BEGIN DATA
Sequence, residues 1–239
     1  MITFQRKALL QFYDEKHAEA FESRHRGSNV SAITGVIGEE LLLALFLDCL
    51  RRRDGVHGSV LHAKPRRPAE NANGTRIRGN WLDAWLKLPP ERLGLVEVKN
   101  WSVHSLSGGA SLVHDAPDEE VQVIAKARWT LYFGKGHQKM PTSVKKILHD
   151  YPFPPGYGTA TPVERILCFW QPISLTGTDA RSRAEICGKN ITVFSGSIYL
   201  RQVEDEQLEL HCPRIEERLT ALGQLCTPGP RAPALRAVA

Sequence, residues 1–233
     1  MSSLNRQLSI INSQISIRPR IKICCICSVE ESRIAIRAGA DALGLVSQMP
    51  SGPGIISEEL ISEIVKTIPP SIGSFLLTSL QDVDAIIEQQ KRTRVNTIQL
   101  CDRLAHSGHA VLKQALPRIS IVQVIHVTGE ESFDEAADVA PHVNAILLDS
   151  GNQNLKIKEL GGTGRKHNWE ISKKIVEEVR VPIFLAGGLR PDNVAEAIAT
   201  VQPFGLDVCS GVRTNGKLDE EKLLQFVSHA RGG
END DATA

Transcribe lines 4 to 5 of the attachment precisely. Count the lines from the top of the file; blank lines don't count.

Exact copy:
   101  WSVHSLSGGA SLVHDAPDEE VQVIAKARWT LYFGKGHQKM PTSVKKILHD
   151  YPFPPGYGTA TPVERILCFW QPISLTGTDA RSRAEICGKN ITVFSGSIYL